District of Columbia Divorce Basics

Learn the basics of a divorce, or dissolution of marriage, in Washington D.C.

This article explains how to obtain a divorce in the District of Columbia (DC). These rules apply to both opposite-sex and same-sex married couples.

Grounds for Divorce

The court will grant a divorce if the spouses have "mutually and voluntarily" lived apart for six months. It will also grant a divorce if you still live together but have not shared "bed or board" for one year. The District of Columbia is a no-fault divorce state, so you do not have to show any other grounds to get divorced.

Residency Requirement and Waiting Period

At least one spouse must be a resident of DC for at least six months before filing for divorce. You must then wait at least 30 days after filing the petition before the court will grant a decree or judgment of divorce.

Property Division in DC

The District of Columbia uses an equitable distribution model for dividing property, meaning the court will distribute all property and debt acquired during the marriage in a manner that it considers just, equitable, and reasonable. The court considers various factors when distributing property, including the length of the marriage, each spouse's income and ability to work, any contribution made by one spouse to further the other one's education or career, and the tax consequences for each spouse. Property that was acquired before the marriage, or during the marriage by gift or inheritance, will be the separate property of the spouse who acquired it.


The court may require either spouse to pay alimony to the other, after evaluating factors such as the length of the marriage, the standard of living during the marriage, each spouse's occupation and sources of income, and the right of either spouse to receive retirement benefits; the court may order indefinite or term-limited alimony payments. For a complete list of the factors considered in setting alimony, see DC Code Ann. § 16-913.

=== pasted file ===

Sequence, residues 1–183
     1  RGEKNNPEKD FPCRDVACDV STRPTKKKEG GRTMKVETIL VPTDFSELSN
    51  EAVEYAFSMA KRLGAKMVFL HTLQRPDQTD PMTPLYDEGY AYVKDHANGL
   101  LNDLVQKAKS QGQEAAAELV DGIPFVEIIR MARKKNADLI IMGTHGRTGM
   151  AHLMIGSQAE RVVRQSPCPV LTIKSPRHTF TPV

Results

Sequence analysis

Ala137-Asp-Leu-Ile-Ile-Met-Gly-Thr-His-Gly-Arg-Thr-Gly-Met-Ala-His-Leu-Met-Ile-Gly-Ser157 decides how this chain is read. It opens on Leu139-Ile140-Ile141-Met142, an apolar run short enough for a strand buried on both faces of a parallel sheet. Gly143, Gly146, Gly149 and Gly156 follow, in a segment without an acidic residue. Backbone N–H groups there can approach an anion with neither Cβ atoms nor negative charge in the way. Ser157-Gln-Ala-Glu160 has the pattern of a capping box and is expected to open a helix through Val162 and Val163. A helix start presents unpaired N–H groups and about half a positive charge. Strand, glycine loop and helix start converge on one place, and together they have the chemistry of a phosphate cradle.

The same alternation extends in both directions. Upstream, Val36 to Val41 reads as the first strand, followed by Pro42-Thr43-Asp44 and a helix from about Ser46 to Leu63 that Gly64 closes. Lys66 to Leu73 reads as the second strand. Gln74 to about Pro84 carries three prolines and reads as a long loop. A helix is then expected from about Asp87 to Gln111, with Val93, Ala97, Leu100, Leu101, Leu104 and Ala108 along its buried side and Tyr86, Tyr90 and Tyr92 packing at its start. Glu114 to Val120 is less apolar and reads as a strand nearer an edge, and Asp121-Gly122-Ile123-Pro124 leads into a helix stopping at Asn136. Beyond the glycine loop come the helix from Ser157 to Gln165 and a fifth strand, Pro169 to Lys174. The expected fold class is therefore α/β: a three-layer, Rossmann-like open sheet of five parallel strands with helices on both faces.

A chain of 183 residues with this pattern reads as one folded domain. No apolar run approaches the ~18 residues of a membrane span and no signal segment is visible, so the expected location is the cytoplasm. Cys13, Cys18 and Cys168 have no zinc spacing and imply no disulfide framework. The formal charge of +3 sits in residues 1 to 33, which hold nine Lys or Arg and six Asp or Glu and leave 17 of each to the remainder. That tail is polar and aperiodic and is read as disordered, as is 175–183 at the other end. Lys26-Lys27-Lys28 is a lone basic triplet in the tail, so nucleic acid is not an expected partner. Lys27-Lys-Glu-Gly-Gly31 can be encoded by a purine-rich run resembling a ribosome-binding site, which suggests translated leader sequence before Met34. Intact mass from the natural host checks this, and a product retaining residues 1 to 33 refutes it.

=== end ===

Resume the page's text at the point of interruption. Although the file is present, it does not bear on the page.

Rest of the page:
Child Support

DC courts use the income-shares model to determine the amount of child support payable by the noncustodial parent, so primary factor a judge looks at is the incomes of both parents. The starting point for a support order is DC's state guidelines, but the court may deviate from the guidelines after evaluating the needs of the child, the property settlement in the divorce, and the costs of medical coverage paid by the custodial parent. Child support may also include an order for health coverage for your child, and the monthly amount may be automatically withheld from your paycheck. To estimate monthly child support payments in your situation, use the Child Support Guideline Calculator. The DC Child Support Service Division enforces payment of child support.

Child Custody

The best interest of the child is the primary consideration in determining custody in DC, and the court will make an order for both legal and physical custody of a minor child based on the child's interests. Legal custody means legal responsibility for a child including the right to make decisions about the child's health, education, and welfare. Physical custody means a child's living arrangements, including a child's visitation schedule.   The court will look at the wishes of the parents; the relationship of the child with each parent; the child's adjustment to home, school, and community; the willingness of the parents to share custody, communicate, and reach shared decisions; and various other factors when determining custody. Unless the court determines that it is not in the best interest of the child, the court will generally order joint custody and frequent contact between each parent and the minor child. The parents may also submit a detailed parenting plan to the court for consideration; if the court finds it is in the child's best interest, the judge will approve the parents' plan. To modify custody, the court must determine that there has been a substantial and material change in circumstances that warrant the modification.

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